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Inspired by Turner

It was early Saturday morning, I broke the plastic sealing wrapper from around a William Turner book I had purchased – The ‘Skies’ Sketchbook by David Blayney Brown. Once I had studied it for a while I had this enormous urge to get outside and paint some clouds. Luckily the sky was very beautiful during the weekend, the soft pillow type cushions sailed past quickly which meant the scene in front of me changed completely every few minutes. I sat in my new camper van at Nacka Strand protected from the cool wind, I was inspired and I enjoyed every moment of it.

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Plein air in a cold climate

Finnboda hamn
Plein air in Finnboda
Plein air in Finnboda

I took myself out during the week to paint plein air. The sun was shining and it might even have been 10 degrees but I’m not sure. I brought extra leggings which I put on quite quickly as it was very cool in the shade of the building next to the water’s edge.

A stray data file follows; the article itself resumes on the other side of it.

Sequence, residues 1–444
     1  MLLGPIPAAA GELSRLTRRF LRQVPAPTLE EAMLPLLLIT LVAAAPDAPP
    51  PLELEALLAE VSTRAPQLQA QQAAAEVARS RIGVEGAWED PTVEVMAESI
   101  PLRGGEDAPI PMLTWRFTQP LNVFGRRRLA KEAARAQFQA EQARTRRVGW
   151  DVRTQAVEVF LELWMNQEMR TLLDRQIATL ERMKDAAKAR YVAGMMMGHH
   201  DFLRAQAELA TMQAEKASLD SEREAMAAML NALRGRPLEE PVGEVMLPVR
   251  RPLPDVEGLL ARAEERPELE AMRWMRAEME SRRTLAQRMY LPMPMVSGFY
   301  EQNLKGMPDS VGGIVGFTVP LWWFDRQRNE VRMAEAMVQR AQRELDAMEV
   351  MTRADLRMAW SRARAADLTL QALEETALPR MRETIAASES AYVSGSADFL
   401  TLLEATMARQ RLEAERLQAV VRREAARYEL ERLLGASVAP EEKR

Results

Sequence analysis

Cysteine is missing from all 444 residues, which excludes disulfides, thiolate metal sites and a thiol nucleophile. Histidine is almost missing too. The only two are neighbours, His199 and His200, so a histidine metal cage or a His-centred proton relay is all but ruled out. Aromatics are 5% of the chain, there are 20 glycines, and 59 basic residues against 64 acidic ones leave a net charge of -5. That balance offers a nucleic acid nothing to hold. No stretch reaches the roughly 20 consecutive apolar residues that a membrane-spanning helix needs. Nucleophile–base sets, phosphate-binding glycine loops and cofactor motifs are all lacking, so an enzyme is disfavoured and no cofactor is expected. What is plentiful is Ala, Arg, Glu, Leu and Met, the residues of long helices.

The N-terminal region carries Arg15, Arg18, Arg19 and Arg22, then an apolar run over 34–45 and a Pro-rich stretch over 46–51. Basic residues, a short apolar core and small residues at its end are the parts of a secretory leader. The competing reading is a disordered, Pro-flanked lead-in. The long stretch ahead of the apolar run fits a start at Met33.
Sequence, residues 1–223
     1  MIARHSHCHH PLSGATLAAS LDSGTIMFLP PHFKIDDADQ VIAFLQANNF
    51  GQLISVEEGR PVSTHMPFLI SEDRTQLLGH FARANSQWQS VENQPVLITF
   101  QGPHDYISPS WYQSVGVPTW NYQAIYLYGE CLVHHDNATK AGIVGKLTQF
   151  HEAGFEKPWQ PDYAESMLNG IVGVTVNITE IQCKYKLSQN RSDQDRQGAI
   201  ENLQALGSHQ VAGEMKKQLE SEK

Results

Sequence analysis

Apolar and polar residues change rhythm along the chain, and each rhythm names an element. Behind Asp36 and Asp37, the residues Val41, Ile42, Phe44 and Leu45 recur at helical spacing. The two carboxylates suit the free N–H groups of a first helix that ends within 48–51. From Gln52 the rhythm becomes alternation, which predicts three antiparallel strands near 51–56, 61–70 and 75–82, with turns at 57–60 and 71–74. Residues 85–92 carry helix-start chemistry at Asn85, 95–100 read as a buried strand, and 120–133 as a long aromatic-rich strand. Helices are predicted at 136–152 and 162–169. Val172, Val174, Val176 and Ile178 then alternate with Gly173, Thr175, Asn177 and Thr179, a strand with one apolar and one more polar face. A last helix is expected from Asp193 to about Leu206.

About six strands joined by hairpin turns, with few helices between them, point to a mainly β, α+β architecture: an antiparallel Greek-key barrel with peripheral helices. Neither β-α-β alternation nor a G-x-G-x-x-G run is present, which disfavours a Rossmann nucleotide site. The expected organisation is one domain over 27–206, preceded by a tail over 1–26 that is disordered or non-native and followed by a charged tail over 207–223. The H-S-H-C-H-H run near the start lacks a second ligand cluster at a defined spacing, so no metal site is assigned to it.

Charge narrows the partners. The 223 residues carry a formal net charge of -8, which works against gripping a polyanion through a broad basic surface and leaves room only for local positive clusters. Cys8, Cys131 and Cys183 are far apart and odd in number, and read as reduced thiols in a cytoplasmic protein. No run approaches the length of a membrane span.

It was interesting how the paper and watercolour pigment behaved in the cool conditions, it was very different from my time in India or even the studio. I found that the pigment was not absorbed by the paper as easily. It wasn’t a big deal, I adjusted quickly and enjoyed my two hours by the water.
Sweden being Sweden most people left me alone which is good considering we are in the middle of a pandemic. A few were curious but they kept two metres away.
I am so looking forward to painting plein air more often now as the temperature is rising and the sun is higher in the sky. The days are much longer too.
I have bought a van that I am going to convert into a studio plus camper. I will publish a post about this exciting project during the coming week.

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Finnboda hamn
Finnboda hamn
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A summary of my trip to India Feb 25 – March 21 2020 (Part one of two posts)

Heated conversation in Jaipur